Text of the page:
No one thing embodies Lapham’s ambition and eventual ruin more effectively than the house he is building in the Back Bay. The Laphams live in unfashionable Nankeen Square, but resolve to raise their social status with this new house. The new house, in its design and construction, not only advertises Lapham’s success and proclaims his wealth, but, even more importantly, stages the classing of taste. A key feature of the new house is the projected library, since books of various kinds are a crucial marker of class distinction during this period and factor heavily in the family’s social aspirations. So assembling a library is, of course, an essential step in the family’s social and cultural development. Irene Lapham and Tom discuss its contents at length during his visit to the new construction site. That visit is largely premised on a differentiation between their personal taste, cultural capital, and material designs. Irene mentions Middlemarch, which Tom had recommended to her and her sister Penelope. Irene has not finished the novel and primarily parrots Tom’s and Penelope’s opinions on the text. Indeed, Irene’s treatment of culture seems actuated by duty, and her inquisitiveness expresses self-consciousness regarding her apparent lack of familiarity with literature. Her conversation with Tom breaks away from any discussion of ideas and repeatedly retreats to material surfaces. Following a lull in the conversation about Penelope and Middlemarch, Irene “abruptly” comments, “we are going to have the back room upstairs for a music-room and library.”  Thus, the physical features of Lapham’s house closely link to displays of cultural capital, and for Irene, the subject of architecture is but an analogue of dress and fashion. Although she may lack the education and sense of ease that Tom exhibits, she attempts to explore these surface displays of cultural capital by breaking them down into constituent parts—the size and layout of bookshelves, individual authors to select, book bindings, and so forth. This exchange predicts a later (and more iconic) nouveau-riche literary figure: Jay Gatsby and his library of books with uncut pages. A party guest even compares the books to producer, director, and playwright David Belasco, calling attention to the theatrical appreciation of literature within the field of cultural capital.  “Realism” emphasizes class and commodities as a generic consideration, indicating the role certain aesthetic projects play in social identity formation, while again referencing Belasco’s highly detailed and authentic mis-en-scène.
Irene’s attention to surfaces demonstrates a theatrical inclination, but, like Gatsby’s library, there is a certain content that is yet to be accessed. The collecting aesthetic thereby revolves around an accumulation, management, and withholding of knowledge. Collecting and its study traditionally concentrates on high culture, so it takes on a hegemonic quality, in which would-be collectors defer to the norms of an upper-class vanguard.  Miles Orvell characterizes taste itself as an economy of imitation, claiming that “underlying middle-class Victorian taste lay an imitation of American upper-class taste; and underlying American upper-class taste lay an imitation of European traditions.”  Realism itself falls into this system of imitation, given its self-consciously mimetic project.  This is especially the case during Howells’s time, when definitions of high culture are heavily classed as both consumption and subject matter. Irene at first seems an ideal subject for this project, given her proclivity for study and imitation:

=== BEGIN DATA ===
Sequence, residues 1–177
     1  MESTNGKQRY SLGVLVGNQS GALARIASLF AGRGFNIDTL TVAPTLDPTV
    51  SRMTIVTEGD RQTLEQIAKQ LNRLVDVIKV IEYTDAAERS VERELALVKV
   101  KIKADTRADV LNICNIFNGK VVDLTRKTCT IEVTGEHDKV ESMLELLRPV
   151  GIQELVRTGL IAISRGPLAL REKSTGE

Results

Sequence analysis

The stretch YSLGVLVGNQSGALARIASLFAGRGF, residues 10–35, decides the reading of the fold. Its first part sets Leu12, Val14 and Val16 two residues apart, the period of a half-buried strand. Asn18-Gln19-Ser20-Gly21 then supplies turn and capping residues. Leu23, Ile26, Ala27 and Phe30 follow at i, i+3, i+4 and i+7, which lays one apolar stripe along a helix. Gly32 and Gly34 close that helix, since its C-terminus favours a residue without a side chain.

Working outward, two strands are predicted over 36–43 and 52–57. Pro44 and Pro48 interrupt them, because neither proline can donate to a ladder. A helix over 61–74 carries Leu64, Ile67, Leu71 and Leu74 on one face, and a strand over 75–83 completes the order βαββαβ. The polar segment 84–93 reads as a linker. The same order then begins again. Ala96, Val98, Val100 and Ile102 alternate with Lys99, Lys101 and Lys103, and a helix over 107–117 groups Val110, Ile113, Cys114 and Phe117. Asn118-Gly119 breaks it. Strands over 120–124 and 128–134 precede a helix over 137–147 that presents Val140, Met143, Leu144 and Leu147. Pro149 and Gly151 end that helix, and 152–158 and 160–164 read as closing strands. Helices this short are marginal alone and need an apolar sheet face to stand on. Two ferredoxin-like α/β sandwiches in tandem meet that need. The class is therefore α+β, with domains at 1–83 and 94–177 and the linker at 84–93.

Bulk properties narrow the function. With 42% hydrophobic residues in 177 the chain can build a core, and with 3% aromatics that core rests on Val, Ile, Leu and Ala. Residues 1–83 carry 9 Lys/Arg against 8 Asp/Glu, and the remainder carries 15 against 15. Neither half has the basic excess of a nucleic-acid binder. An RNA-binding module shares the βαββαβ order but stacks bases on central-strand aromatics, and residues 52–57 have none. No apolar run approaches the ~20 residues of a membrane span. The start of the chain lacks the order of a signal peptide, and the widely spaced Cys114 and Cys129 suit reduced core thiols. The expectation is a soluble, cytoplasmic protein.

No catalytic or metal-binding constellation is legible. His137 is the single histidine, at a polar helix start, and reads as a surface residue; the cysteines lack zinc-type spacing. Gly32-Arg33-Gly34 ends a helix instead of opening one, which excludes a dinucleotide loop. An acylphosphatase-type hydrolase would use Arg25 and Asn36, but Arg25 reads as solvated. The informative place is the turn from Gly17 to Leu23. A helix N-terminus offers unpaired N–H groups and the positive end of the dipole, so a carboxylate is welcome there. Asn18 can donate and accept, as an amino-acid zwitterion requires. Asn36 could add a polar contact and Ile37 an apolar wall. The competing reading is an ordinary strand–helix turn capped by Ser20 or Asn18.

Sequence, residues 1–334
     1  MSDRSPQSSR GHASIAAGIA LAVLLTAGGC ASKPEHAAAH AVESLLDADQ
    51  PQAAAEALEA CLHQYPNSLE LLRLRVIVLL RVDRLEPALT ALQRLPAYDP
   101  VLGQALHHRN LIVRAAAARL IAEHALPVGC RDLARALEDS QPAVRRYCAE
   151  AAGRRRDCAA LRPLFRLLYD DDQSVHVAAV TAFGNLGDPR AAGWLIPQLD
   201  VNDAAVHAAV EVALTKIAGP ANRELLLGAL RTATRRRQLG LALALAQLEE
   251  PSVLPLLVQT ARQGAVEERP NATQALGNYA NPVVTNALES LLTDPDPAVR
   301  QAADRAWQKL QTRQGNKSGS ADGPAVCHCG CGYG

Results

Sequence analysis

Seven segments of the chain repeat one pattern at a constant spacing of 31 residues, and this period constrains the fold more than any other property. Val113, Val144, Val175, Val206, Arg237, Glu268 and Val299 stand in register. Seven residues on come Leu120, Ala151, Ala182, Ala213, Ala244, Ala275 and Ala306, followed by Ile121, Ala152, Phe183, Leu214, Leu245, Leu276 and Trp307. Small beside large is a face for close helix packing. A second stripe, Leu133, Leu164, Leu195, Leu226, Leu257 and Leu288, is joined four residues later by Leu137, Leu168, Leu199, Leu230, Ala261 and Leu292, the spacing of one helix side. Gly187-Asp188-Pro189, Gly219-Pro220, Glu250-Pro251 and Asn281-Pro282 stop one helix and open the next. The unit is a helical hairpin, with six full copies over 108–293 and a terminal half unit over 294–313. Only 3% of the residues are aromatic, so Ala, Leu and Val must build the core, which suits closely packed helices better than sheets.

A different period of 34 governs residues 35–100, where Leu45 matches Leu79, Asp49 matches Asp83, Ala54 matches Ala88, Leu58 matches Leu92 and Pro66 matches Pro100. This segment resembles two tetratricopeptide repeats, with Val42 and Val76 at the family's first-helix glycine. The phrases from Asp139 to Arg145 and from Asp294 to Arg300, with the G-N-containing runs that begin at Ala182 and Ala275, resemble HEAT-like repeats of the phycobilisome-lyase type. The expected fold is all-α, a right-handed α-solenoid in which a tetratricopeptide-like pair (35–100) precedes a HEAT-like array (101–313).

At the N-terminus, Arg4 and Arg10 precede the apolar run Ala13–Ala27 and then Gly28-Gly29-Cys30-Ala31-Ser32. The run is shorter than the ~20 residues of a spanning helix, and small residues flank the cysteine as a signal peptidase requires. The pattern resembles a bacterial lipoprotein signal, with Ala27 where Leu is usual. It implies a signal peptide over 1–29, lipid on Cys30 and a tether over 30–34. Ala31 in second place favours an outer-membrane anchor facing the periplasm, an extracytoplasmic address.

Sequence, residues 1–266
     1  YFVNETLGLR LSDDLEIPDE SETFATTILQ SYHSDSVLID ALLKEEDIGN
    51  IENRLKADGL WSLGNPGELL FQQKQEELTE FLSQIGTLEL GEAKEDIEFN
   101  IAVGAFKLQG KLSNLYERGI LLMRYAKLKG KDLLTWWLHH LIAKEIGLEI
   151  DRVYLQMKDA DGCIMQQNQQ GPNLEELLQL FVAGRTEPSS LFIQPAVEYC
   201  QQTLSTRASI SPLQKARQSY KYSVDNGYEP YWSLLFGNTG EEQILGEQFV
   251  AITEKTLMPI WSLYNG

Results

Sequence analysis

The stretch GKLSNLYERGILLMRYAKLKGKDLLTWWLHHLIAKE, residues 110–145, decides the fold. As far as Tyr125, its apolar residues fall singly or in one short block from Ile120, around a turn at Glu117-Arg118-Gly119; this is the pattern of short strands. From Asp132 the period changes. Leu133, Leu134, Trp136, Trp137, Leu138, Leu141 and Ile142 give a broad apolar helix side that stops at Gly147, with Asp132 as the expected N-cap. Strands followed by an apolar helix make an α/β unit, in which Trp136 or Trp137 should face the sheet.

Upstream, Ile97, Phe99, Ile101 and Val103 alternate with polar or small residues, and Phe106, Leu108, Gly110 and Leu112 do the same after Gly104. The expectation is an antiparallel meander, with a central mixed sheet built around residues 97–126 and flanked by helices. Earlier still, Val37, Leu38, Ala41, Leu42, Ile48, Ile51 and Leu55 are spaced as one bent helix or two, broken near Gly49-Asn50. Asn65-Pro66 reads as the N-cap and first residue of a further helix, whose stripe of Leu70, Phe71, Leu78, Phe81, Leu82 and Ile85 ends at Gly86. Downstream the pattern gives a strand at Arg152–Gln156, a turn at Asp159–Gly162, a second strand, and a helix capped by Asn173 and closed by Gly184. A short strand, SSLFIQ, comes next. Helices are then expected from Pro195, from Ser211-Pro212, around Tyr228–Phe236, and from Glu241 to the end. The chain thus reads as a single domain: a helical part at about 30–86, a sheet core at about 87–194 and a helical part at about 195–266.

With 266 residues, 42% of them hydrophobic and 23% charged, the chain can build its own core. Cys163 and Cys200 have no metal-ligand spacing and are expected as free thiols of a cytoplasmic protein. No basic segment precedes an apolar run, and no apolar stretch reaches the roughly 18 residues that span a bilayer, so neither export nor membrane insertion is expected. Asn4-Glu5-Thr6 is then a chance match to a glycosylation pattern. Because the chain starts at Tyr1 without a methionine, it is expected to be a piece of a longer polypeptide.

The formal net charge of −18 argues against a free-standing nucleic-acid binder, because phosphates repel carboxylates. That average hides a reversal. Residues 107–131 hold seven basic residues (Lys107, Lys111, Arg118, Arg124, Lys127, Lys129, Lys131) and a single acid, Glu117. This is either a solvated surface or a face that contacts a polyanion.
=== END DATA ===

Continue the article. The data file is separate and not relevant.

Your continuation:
[T]ill [Irene] met this young man who was so nice to her at Baie St. Paul, she had scarcely lived a detached, individual life, so wholly had she depended on her mother and her sister for her opinions, almost her sensations. She took account of everything he did and said, pondering it, and trying to make out exactly what he meant to the inflection of a syllable, the slightest movement or gesture. 
In keeping with her character, she begins making declarations regarding the design plans, outwardly projecting knowledge while implicitly soliciting feedback from Tom. Here, the novel’s gender dynamics echo its class politics through the patriarchal management of cultural capital. Their conversation implies that the library is as much a validation of Lapham’s masculinity as it is of his class position. Tom and Irene transition to a discussion of more specific authors, a topic that might signify a more in-depth engagement with literature, but for Irene it’s more like checking a shopping list that Tom supplies. And apart from Shakespeare, Tom’s praise of these authors is relatively muted. When Tom remarks that “nothing furnishes a room like books,” he seems to demystify cultural capital by reducing it, for her sake, to decoration.  He even situates the shelves within the context of another potential collection when he mentions hanging pictures. But the decorative and cultural value of books is not explained or rationalized. It seems that the book list he prepares is primarily motivated by its own power of display.